fbpx
X

Quality Statement

Pacific Biosciences is committed to providing high-quality products that meet customer expectations and comply with regulations. We will achieve these goals by adhering to and maintaining an effective quality-management system designed to ensure product quality, performance, and safety.

X

Image Use Agreement

By downloading, copying, or making any use of the images located on this website (“Site”) you acknowledge that you have read and understand, and agree to, the terms of this Image Usage Agreement, as well as the terms provided on the Legal Notices webpage, which together govern your use of the images as provided below. If you do not agree to such terms, do not download, copy or use the images in any way, unless you have written permission signed by an authorized Pacific Biosciences representative.

Subject to the terms of this Agreement and the terms provided on the Legal Notices webpage (to the extent they do not conflict with the terms of this Agreement), you may use the images on the Site solely for (a) editorial use by press and/or industry analysts, (b) in connection with a normal, peer-reviewed, scientific publication, book or presentation, or the like. You may not alter or modify any image, in whole or in part, for any reason. You may not use any image in a manner that misrepresents the associated Pacific Biosciences product, service or technology or any associated characteristics, data, or properties thereof. You also may not use any image in a manner that denotes some representation or warranty (express, implied or statutory) from Pacific Biosciences of the product, service or technology. The rights granted by this Agreement are personal to you and are not transferable by you to another party.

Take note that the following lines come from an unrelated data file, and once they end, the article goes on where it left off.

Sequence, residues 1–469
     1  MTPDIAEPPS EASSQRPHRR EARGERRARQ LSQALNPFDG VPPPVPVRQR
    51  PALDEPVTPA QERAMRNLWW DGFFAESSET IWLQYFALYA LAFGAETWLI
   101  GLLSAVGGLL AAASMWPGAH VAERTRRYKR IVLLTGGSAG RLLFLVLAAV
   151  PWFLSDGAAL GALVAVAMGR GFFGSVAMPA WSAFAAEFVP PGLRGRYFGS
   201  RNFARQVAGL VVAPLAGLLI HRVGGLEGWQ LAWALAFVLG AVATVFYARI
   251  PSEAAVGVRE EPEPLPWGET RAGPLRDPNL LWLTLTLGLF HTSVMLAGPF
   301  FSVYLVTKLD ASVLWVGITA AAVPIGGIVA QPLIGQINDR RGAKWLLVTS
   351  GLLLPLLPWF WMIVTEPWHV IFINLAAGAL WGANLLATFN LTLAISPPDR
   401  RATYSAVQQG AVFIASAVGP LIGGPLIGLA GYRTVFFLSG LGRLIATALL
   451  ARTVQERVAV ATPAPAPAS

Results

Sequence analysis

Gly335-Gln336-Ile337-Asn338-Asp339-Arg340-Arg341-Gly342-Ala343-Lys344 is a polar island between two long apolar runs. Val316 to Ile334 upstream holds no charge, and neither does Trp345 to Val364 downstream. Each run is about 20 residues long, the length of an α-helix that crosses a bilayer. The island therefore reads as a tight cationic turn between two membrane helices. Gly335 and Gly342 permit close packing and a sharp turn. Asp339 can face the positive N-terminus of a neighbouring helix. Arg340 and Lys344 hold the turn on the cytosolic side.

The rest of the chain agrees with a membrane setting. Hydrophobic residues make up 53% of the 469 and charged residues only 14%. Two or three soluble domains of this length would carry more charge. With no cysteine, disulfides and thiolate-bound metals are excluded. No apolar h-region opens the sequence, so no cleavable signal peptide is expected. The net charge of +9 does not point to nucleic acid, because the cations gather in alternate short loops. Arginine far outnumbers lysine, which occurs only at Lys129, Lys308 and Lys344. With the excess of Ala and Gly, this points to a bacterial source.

You, and not Pacific Biosciences, are responsible for your use of the images. You acknowledge and agree that any misuse of the images or breach of this Agreement will cause Pacific Biosciences irreparable harm. Pacific Biosciences is either an owner or licensee of the image, and not an agent for the owner. You agree to give Pacific Biosciences a credit line as follows: "Courtesy of Pacific Biosciences of California, Inc., Menlo Park, CA, USA" and also include any other credits or acknowledgments noted by Pacific Biosciences. You must include any copyright notice originally included with the images on all copies.